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Tiresias: The Ancient Mediterranean Religions Source Database



11960
Mishna, Meilah, 2.9


הַקֹּמֶץ, וְהַלְּבוֹנָה, וְהַקְּטֹרֶת, וּמְנָחוֹת כֹּהֲנִים, וּמִנְחַת כֹּהֵן מָשִׁיחַ, וּמִנְחַת נְסָכִין, מוֹעֲלִין בָּהֶן מִשֶּׁהֻקְדְּשׁוּ. קָדְשׁוּ בַכְּלִי, הֻכְשְׁרוּ לִפָּסֵל בִּטְבוּל יוֹם וּבִמְחֻסַּר כִּפּוּרִים וּבְלִינָה, וְחַיָּבִין עֲלֵיהֶן מִשּׁוּם נוֹתָר וּמִשּׁוּם טָמֵא, וּפִגּוּל אֵין בָּהֶן. זֶה הַכְּלָל, כֹּל שֶׁיֶּשׁ לוֹ מַתִּירִין, אֵין חַיָּבִין עָלָיו מִשּׁוּם פִּגּוּל, נוֹתָר וְטָמֵא, עַד שֶׁיִּקְרְבוּ מַתִּירָיו. וְכֹל שֶׁאֵין לוֹ מַתִּירִין, כֵּיוָן שֶׁקָּדַשׁ בַּכְּלִי, חַיָּבִין עָלָיו מִשּׁוּם נוֹתָר וּמִשּׁוּם טָמֵא, וּפִגּוּל אֵין בּוֹ:The law of sacrilege applies to the handful [of a minhah], the frankincense, the incense, the minhah of a priest, the minhah of the anointed high priest and the minhah that is accompanied by a libation, from the moment of their dedication. Once they have become sacred by being put in the vessel, they become susceptible for unfitness through contact with a tevul yom or one who still requires atonement, or by remaining overnight, and they are subject to [the laws of] notar and defilement, but [the law of] piggul does not apply to them. This is the general rule: whatever has something else which renders it permissible [for the altar or for the use of the priests] is not subject to [the laws of] piggul, nothar and defilement until that act has been performed. And whatever does not have something else which renders it permissible becomes subject [to the laws of] notar and defilement as soon as it has become sacred by being put in the vessel, but piggul does not apply to it.


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subject book bibliographic info
analogy Balberg (2017), Blood for Thought: The Reinvention of Sacrifice in Early Rabbinic Literature, 102
blood Balberg (2017), Blood for Thought: The Reinvention of Sacrifice in Early Rabbinic Literature, 102
consecration Balberg (2017), Blood for Thought: The Reinvention of Sacrifice in Early Rabbinic Literature, 98
consumption Balberg (2017), Blood for Thought: The Reinvention of Sacrifice in Early Rabbinic Literature, 102
firstborns Balberg (2017), Blood for Thought: The Reinvention of Sacrifice in Early Rabbinic Literature, 98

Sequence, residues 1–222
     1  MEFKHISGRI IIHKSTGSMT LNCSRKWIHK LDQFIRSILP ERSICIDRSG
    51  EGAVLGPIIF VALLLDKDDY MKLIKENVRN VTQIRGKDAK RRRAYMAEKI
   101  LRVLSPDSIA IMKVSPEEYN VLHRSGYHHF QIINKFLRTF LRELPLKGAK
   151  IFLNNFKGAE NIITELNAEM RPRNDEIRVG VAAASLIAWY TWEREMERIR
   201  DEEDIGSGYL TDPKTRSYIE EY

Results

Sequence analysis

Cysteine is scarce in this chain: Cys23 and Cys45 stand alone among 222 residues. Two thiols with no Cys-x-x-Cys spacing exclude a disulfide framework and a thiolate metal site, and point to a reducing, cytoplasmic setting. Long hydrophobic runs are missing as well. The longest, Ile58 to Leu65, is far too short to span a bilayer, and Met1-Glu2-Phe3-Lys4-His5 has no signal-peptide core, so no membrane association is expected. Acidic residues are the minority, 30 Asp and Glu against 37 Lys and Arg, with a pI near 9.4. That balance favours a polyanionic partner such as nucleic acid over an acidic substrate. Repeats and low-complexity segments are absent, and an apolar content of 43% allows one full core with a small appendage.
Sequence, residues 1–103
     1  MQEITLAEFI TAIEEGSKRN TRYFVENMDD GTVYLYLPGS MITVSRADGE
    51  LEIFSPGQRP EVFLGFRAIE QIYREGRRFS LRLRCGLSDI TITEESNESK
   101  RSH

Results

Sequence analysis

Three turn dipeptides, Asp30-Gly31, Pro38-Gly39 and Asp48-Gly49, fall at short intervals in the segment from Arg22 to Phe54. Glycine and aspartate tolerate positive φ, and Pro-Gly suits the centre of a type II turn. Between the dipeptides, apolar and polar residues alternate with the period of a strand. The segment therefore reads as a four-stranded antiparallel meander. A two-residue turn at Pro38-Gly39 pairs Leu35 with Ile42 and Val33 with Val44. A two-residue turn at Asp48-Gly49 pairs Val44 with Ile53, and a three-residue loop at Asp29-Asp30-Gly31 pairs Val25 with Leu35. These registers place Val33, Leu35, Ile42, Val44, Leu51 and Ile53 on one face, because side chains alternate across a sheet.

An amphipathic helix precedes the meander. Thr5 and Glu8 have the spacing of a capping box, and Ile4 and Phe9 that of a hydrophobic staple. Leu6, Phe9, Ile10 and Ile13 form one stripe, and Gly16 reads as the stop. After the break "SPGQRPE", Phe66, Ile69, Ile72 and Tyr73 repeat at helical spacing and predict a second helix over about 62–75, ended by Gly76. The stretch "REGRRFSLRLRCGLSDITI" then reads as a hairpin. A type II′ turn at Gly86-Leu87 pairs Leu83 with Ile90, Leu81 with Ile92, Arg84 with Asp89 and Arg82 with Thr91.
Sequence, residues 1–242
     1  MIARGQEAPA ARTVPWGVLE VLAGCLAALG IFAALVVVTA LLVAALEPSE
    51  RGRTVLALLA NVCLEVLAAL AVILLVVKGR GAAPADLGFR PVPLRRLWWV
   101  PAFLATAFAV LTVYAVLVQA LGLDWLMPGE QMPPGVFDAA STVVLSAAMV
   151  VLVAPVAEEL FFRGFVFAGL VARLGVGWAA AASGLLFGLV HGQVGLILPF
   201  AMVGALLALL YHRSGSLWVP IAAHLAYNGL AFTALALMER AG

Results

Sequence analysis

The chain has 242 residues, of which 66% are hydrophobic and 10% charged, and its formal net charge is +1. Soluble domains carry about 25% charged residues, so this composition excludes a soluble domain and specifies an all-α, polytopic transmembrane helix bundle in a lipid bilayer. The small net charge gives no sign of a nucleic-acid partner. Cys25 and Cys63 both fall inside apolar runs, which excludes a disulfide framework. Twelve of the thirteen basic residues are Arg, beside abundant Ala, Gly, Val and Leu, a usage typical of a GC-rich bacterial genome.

grain offerings Balberg (2017), Blood for Thought: The Reinvention of Sacrifice in Early Rabbinic Literature, 98, 102
handful (qometz) Balberg (2017), Blood for Thought: The Reinvention of Sacrifice in Early Rabbinic Literature, 98, 102
hubert,henri Balberg (2017), Blood for Thought: The Reinvention of Sacrifice in Early Rabbinic Literature, 98
mauss,marcel Balberg (2017), Blood for Thought: The Reinvention of Sacrifice in Early Rabbinic Literature, 98
meilah Balberg (2017), Blood for Thought: The Reinvention of Sacrifice in Early Rabbinic Literature, 98
ordinance Balberg (2017), Blood for Thought: The Reinvention of Sacrifice in Early Rabbinic Literature, 98
permission (hatarah) Balberg (2017), Blood for Thought: The Reinvention of Sacrifice in Early Rabbinic Literature, 98
permitter (matir) Balberg (2017), Blood for Thought: The Reinvention of Sacrifice in Early Rabbinic Literature, 102
prohibition Balberg (2017), Blood for Thought: The Reinvention of Sacrifice in Early Rabbinic Literature, 98
remainders Balberg (2017), Blood for Thought: The Reinvention of Sacrifice in Early Rabbinic Literature, 102
sanctity Balberg (2017), Blood for Thought: The Reinvention of Sacrifice in Early Rabbinic Literature, 98
tithes Balberg (2017), Blood for Thought: The Reinvention of Sacrifice in Early Rabbinic Literature, 98
transformation Balberg (2017), Blood for Thought: The Reinvention of Sacrifice in Early Rabbinic Literature, 98
unbinding Balberg (2017), Blood for Thought: The Reinvention of Sacrifice in Early Rabbinic Literature, 98
unleavened (matzot)' Balberg (2017), Blood for Thought: The Reinvention of Sacrifice in Early Rabbinic Literature, 98